Prescription Drug Misuse: Ways to Avoid Misuse among the Elderly When people talk about addiction, the elderly age group is the last thing to come to mind.
However, you won’t be surprised to find that in the United States alone, over 40 % of prescription drugs are used by the elderly. And according to NCADI, over 17% of adults aged 55 and above misuse prescription medicines such as painkillers, sleeping pills, and sedatives.
Why seniors? Many adults begin to experience significant body changes as they advance in age. Their bodies tend to have increased sensitivity or reactions to medications they were previously comfortably using. These reactions may include increased body pain, slowed metabolism, memory loss, and sleeping disorders. Older adults are likely to misuse medical prescriptions accidentally. Due to various body complications resulting from aging, the elderly take more medications than other age groups to help them live a comfortable life. Chronic health conditions such as diabetes, arthritis, and heart disease may result in combined prescriptions leading to higher exposure to addictive drugs.Over 50% of people aged 55-85 use prescription drugs over five times daily, increasing the risk of misuse. Since our bodies' ability to absorb medications slows down with age, seniors may become prone to addiction or experience adverse side effects from prescription drugs, even at a lower dosage.
Misuse of Prescription Medicines: how this plays out with older people The elderly are among those most exposed to prescription abuse. They take more over-the-counter (OTC) tablets and prescribed medicines, and the potential to misuse them is higher by: • Taking alcohol with medications • Taking the medications for a prolonged period against the prescription • Taking higher doses to reduce the pain or anxiety faster than the prescription • Taking non-prescribed medications • Using multiple medications at the same time, resulting in drug interactions
Common prescriptions drugs that are most likely to be misused by the elderly Medications mostly used by seniors to relieve symptoms associated with anxiety, chronic pain, and insomnia have the highest potential of abuse resulting in addiction.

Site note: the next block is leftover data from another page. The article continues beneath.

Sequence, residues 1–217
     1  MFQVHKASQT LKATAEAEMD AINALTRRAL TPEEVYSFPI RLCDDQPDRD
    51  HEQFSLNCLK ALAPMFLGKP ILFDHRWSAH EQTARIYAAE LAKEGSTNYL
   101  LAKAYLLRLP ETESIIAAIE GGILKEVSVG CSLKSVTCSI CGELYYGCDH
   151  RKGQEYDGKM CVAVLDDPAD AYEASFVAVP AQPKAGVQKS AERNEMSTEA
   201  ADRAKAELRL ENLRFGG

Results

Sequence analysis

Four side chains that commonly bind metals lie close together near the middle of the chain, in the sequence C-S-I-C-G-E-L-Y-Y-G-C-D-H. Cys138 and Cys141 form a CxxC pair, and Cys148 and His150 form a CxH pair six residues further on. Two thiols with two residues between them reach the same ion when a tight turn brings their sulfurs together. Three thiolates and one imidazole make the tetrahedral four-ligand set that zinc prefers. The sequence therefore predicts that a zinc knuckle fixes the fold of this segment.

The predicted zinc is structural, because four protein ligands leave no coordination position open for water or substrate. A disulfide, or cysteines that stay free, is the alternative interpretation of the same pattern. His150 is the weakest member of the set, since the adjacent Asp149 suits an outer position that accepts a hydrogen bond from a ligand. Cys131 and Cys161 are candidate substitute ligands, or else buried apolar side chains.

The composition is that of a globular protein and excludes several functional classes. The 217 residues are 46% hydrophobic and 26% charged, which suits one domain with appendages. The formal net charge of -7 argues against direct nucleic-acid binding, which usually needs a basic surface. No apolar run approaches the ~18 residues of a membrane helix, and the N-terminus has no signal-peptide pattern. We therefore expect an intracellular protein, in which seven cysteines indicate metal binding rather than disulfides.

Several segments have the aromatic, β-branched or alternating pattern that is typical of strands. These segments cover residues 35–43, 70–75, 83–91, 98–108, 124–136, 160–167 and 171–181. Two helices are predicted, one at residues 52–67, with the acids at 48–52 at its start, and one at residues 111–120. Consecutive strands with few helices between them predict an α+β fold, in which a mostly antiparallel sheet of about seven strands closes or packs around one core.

• Opioids Opioids such as oxycodone and acetaminophen are commonly used to relieve or control pain. An older adult will likely become addicted by taking these medications for a prolonged period or in higher doses. A person can develop feelings of euphoria after taking opioids in higher doses which may eventually lead to dependence and addiction, and even death.
• Benzodiazepines Benzodiazepines such as Xanax, diazepam, and lorazepam relieve sleeping disorders, anxiety, and depression. An older adult may become addicted by self-medicating or taking higher doses than the prescription.
Signs to look out for if you suspect an elderly is misusing or abusing prescription drugs Recognizing the signs of prescription drug misuse among the elderly can be complex. This is because the signs are sometimes similar to those associated with aging, such as feelings of confusion and loss of memory. Becoming familiar with your loved one’s medication routines and behaviors will help you to identify warning signs of medication abuse: • Taking more pills than the prescription instructs. This is a definite red flag. You can confirm this by looking at the dosage instructions on the medication container to clarify whether or not they strictly follow the prescribed dose. • Change in behavior or moods by becoming argumentative, secretive, or nervous. • Giving a lot of excuses for taking excessive medications. • Becoming remorseful or concerned about using the prescriptions. • If the older person has been previously treated for substance abuse. • Changing their physicians or drug stores should be a cause for alarm. • Receiving similar prescriptions from more than two drug stores at the same time. • Becoming agitated when you ask or talk about their prescription usage. • Losing interest in fun activities that they once enjoyed. • Hiding or sneaking medications is a common sign of drug misuse. • Showing signs of confusion and forgetfulness. • Showing signs of slowed reflexes and slurred speech. • Becoming afraid of going out without taking the medication. • Storing “extra” tablets in their pockets. • Showing signs of decreased attention. • Exhibiting repetitive behaviors. Physical signs like dilated pupils, dry mouth, watery eyes, or itchy skin are also common signs of prescription misuse.